This article and the one which follows it tell us much of what we need to know about why it is very hard for anyone of modest means to have much of a prospect of a roof over their heads in large swathes of affluent rural England. And why does it matter? Well mainly because serious social division starts when we remove the mix of different types of people from communities, whether deliberately or as an unintended consequence of ill thought out public policy. This article helps explain this point in powerful detail, particularly in terms of minority groups, women and people with disabilities. It tells us:

MPs have demanded landlords and letting agents end the practice of screening out people on benefits after hearing claims that “no DSS” clauses have become the 2019 equivalent of “no blacks, no Irish, no dogs” notices.

During a hearing into the widespread refusal of landlords to rent properties to those on benefits, the Commons work and pensions select committee on Wednesday confronted the director of Your Move, a national online lettings agency, with an advert it published in March for a home in Telford, Shropshire, that read: “No DSS. Small dogs considered.”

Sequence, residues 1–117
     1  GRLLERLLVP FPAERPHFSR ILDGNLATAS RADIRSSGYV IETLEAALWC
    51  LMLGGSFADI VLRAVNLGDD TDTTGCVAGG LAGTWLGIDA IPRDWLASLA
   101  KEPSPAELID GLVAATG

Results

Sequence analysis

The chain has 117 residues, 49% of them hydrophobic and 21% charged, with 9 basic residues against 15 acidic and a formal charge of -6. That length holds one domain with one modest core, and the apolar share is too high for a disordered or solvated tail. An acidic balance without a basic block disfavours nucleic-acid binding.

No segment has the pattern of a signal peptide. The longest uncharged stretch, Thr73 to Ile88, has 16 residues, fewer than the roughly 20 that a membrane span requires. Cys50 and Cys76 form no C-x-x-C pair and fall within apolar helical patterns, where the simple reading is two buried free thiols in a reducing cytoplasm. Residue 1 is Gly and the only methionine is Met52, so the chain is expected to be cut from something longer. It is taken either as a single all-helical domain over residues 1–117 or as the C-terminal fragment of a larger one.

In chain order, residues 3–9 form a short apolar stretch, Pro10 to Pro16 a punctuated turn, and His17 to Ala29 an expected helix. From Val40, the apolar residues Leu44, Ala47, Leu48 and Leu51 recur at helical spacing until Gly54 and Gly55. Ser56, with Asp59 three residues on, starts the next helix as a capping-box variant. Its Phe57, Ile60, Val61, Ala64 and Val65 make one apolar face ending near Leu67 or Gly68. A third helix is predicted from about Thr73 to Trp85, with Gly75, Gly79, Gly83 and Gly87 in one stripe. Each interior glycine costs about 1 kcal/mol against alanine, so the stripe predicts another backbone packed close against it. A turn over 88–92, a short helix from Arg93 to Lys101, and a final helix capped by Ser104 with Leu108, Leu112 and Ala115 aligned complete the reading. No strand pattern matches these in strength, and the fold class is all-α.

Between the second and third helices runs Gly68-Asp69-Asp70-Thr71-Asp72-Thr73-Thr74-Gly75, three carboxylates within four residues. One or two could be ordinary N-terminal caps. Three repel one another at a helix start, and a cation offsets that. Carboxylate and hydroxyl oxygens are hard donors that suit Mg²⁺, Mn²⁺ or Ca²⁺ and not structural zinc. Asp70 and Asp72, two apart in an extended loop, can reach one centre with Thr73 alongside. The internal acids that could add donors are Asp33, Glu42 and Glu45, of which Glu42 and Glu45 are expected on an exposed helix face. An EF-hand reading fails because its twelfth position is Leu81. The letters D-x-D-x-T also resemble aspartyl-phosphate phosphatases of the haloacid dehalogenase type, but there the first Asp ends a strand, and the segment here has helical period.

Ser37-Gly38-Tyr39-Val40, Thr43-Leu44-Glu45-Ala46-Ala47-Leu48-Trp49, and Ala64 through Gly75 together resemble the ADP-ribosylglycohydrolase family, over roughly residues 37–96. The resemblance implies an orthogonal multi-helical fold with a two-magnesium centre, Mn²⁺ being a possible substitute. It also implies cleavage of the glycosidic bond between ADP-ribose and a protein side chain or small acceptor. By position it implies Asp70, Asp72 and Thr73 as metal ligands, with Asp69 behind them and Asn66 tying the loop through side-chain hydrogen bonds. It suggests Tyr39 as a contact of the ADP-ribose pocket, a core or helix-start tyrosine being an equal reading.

They also drew admissions from leading lettings agencies Hunters and Your Rent that they still run “no DSS” adverts, despite rising opposition to the practice, which Derek Thomas MP said amounted to a “hostile environment” for tenants on benefits.

Heather Wheeler, the housing minister, said last month she wanted to tackle the practice of “no DSS”, but it remains widespread. One current advert for a three-bedroom house in Cheshire reads: “Small Dogs Considered (higher deposit), NO DSS, NO SMOKERS.”

Another for a property in Cornwall seems to be trying to avoid using the letters DSS and instead says: “No —. Small dogs considered.”

In 2017-18, 889,000 households in the private sector needed housing benefit to pay their rent and the housing charity Shelter said the “no DSS” practice breached equality law because it disproportionately affects women and people with disabilities. Renters say it means they have less choice, standards are lower and costs higher.

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